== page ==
I had five days of great weather before the storm came in, and always enjoy sailing down to Beaufort and the very tropical feeling Cape Lookout.  The sail up Core Sound, starting with the winding channels of Barden Inlet, was a treat too.

The storms showed up in the early morning hours of day six.  I was please with the way both Spartina and I dealt with the weather.  We set a speed record - 8.9 mh up West Bay wish a fast moving squall coming up from the south.  I was looking for some protection where I could round up and reef but the storm passed us by.  I was glad to reef and double reef crossing the Neuse River, but should not sailed into shallow water, which was very rough because of the strong wind, before turning north up Pamlico Sound.  I used a variety of sailing combinations, full sail, single reef, double reef, mizzen and jib and jib only, depending on the situation.  Never felt at risk.  

The new boom tent was a huge success, kept me dry but still allowed a very comfortable air flow.  Best investment I have made in a long time.  Roomy and comfortable, it gave me space and time to dry things out after rainy days.

I took too much food.  Too many snacks.  Part of that is that I always take more than I need, but part of it was that I just had less of an appetite than in the past.  Loved the dried mango and the big jar of peanuts.  Dried cantaloupe melon turned out to be too sweet on hot days.  Wish I had brought dried strawberries.  Should have spent a few more bucks and bought medjool dates instead of the lower grades not-quite-as-sweet dates.  Cashew nuts were excellet as were the pumpkin seeds.  All the freeze dried meals save one - spaghetti with marinara sauce - were excellent.  I used Curt's idea of dressing them up a little with a dash of olive oil, which was great.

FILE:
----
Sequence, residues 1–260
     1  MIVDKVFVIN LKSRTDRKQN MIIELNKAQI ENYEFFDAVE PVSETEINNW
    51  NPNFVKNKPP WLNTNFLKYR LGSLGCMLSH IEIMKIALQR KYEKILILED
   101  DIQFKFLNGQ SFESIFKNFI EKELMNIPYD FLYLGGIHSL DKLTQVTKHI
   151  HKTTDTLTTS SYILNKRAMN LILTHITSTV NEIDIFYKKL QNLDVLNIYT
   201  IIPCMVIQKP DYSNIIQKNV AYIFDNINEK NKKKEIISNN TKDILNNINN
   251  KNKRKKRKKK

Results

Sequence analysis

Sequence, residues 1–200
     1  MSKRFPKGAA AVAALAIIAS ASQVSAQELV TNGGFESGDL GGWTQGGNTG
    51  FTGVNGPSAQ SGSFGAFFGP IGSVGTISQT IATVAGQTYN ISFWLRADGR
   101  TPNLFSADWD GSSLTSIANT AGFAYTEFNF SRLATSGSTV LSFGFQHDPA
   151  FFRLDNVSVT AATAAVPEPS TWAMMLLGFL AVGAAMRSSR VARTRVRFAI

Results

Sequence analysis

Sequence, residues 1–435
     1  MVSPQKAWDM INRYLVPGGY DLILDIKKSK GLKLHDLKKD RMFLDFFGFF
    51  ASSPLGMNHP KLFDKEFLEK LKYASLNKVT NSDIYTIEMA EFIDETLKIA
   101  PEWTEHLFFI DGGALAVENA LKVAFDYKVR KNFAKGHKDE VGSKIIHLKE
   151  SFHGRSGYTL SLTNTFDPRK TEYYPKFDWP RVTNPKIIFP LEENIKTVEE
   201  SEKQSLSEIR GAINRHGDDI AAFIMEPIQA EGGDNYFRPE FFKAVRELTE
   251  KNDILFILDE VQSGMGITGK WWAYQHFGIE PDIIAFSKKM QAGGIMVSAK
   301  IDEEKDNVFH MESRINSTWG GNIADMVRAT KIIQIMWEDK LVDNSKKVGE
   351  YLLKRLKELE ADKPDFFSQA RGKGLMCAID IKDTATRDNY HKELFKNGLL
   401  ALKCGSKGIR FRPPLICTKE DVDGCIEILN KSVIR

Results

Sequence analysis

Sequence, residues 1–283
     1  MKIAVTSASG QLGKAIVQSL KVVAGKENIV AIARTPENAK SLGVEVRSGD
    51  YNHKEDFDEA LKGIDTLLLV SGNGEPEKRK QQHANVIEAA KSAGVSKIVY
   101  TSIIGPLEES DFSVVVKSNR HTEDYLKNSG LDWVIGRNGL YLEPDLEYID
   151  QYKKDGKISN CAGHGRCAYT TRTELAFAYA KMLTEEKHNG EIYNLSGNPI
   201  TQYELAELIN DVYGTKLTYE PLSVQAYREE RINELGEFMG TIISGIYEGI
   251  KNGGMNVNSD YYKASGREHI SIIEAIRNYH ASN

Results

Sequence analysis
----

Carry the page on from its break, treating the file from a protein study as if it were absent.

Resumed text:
I will be looking forward to sailing to Washington (NC, not DC) on a future trip, plus visiting North Creek, South Creek and Blounts Bay - all of which come off the Pamlico River - and revisiting Ocracoke Island.

The fall trip will include the Chesapeake Bay Maritime Museum's Mid-Atlantic Small Craft Festival.  I'll put in a week early in Cambridge, sail north to explore a few rivers, come back for the festival and then have a few more days on the Choptank and maybe Little Choptank.

In between now and then there is a lot of day sailing to do, maybe a weekend trip to sail out of Cape Charles when the Buy Boats are there.  I can't wait.